The fact is, if Bryant misses only training camp, it could devastate the Cowboys' chances. He is that good and that important to everything they hope to do on offense.
There was no depth in the receiver corps even with Bryant. Without him, it would easily be the worst in the league.
You know things are getting weird when the fan site for the Philadelphia Eagles starts heaping praise on a Cowboy. (But, as if to reassure us, they still have plenty of outdated memes and misconceptions salted in the article.)
Because make no mistake about it, you are better than Calvin Johnson. Since you entered the league in 2010, you are 5th in yards and 1st in touchdowns. And you did that being thrown to less than Steve Smith, who made the Pro Bowl only once during that time. You did that without being the only guy on your team worth throwing to, because you've had Romo's best friend in the whole wide world Jason Witten siphon passes away from you. Calvin Johnson racks up the stats because the Lions have no one else, he's been thrown to 174 more times than you have, yet you have more touchdowns than him in that span. And that timeframe, like the Cowboys, isn't fair to you. Johnson was a three-year veteran when you were a rookie. In your first five years in the league you have 381 catches for 56 touchdowns, in Megatron's first five years he had only 366 catches and 49 touchdowns despite being targeted 75 more times than you. You were better than him then, you're better than him now.
Now for the smattering of other Cowboys news, starting with a nice piece of fluff to get away from all the worry and angst.
America's Sweethearts, folks.
CMT's longest running non-music series, "Dallas Cowboys Cheerleaders: Making the Team" reached nearly 2 million total viewers across all CMT platforms weekly last season.
While we are so focused on the Dezline drama, we should remember that there are 52 other roster spots on the team.
So, here is Lance Dunbar. He is on the roster because we just showed you how he can break off a screen, cause the Seahawks to scramble, play WR in the slot, and add value to your roster by being a special teams guy. That is what he is.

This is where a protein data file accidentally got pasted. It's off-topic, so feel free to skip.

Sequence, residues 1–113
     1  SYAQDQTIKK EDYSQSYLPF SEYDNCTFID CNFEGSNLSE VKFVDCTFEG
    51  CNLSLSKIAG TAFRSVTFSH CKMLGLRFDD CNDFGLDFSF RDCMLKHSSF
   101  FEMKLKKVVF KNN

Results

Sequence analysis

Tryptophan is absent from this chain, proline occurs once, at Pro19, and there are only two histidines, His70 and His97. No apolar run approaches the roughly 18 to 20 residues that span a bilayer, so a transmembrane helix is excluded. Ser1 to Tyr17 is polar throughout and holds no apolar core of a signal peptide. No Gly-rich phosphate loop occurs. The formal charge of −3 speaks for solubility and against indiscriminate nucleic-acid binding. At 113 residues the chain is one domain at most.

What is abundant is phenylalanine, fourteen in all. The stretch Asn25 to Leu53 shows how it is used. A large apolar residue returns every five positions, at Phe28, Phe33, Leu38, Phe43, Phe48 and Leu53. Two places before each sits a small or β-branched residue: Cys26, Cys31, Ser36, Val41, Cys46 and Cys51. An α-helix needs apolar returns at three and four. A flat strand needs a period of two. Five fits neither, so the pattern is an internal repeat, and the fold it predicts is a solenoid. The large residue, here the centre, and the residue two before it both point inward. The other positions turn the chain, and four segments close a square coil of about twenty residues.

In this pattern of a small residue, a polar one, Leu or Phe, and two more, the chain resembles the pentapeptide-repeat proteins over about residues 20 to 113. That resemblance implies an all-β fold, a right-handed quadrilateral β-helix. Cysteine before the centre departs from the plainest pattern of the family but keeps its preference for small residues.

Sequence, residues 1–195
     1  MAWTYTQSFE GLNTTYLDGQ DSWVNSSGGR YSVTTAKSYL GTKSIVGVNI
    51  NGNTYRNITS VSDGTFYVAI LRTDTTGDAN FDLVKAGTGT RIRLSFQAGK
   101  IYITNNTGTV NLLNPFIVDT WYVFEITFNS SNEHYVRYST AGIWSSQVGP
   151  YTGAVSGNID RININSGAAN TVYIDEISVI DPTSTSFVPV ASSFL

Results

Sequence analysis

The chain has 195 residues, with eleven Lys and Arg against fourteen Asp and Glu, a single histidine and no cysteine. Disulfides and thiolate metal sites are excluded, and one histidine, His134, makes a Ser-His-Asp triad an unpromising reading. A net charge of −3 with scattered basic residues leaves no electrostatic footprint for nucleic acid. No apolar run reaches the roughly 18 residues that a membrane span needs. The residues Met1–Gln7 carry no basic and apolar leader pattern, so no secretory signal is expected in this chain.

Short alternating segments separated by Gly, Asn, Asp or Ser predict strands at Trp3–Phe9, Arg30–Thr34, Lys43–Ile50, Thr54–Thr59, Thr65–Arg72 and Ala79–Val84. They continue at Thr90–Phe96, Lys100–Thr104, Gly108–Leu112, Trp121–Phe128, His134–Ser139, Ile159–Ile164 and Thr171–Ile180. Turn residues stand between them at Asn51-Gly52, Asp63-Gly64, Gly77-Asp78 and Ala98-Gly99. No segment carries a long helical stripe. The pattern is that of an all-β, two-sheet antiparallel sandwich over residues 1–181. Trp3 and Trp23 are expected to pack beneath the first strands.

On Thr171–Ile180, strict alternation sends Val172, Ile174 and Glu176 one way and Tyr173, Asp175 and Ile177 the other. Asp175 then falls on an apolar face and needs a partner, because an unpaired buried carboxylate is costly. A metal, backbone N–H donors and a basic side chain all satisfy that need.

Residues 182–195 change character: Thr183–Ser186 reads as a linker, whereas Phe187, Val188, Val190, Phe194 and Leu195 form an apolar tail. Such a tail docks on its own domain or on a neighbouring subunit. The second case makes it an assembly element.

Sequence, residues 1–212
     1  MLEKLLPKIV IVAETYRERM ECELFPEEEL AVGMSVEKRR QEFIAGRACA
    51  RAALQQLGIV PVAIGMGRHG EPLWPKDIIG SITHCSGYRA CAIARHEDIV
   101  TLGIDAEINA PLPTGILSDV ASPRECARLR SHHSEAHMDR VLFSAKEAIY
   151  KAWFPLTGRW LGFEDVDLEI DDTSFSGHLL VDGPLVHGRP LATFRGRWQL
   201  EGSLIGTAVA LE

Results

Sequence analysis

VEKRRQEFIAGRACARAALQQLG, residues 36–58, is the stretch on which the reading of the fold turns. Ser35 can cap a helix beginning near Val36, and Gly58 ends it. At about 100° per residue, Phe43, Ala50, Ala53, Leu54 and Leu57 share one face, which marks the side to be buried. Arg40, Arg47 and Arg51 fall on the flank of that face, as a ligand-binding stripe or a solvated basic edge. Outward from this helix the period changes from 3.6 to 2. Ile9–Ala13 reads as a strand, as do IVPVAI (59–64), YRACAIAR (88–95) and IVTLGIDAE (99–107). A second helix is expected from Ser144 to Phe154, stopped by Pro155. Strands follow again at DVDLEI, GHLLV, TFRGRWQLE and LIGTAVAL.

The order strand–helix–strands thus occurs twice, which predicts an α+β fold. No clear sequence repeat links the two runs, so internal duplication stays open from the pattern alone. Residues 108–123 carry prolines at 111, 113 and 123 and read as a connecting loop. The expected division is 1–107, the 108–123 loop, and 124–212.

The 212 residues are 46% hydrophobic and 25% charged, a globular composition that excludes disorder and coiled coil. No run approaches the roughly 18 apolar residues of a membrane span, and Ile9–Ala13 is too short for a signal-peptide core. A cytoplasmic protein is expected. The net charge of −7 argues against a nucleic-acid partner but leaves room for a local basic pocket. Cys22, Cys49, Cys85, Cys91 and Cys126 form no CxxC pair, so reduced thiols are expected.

What he is not is a RB option for full drives and your full playbook. They don't like giving him the ball on a hand-off, except the shotgun zone, packaged play. They definitely don't want him pass protecting, unless it is a chip on the edge to help a tackle. No 1-on-1s, please.
This year is his last rookie contract deal which will make him $1.5m and based on all of the talk about Ryan Williams' health, it would seem that Dunbar is a cinch to make the team this year. But, how they use him in 2015 will go along way to determining his value moving forward when he gets a chance to be a UFA next spring.
Ray Vinopal is one of the UDFAs trying to find his way onto the roster or maybe the practice squad.
Vinopal wasn't invited to the NFL Scouting Combine this past February, but his 26 reps on the bench press at his Pittsburgh Pro Day were better than all but one defensive back in Indianapolis. He obviously faces a tough task of being situated roughly sixth on the safety depth chart - whereas most NFL rosters typically only carry four or maybe five safeties. There are plenty of good examples to follow on this roster, though. Barry Church, Danny McCray and Jeff Heath were all in his situation as rookies and made the team.
It's an intriguing question, and all four options presented here make some sense.
Rob Phillips: If Jason Garrett read this question he'd probably cringe - all 90 guys need strong training camps, right? I'll spotlight Brandon Weeden here because he's gotten much fewer offseason reps behind a healthier Tony Romo than last year when Romo didn't participate in the spring due to his surgically-repaired back and never practiced more than two straight days in training camp. The Cowboys need their second-year backup quarterback to remain sharp because Romo, no matter how good he feels, is always one hit away from the sideline.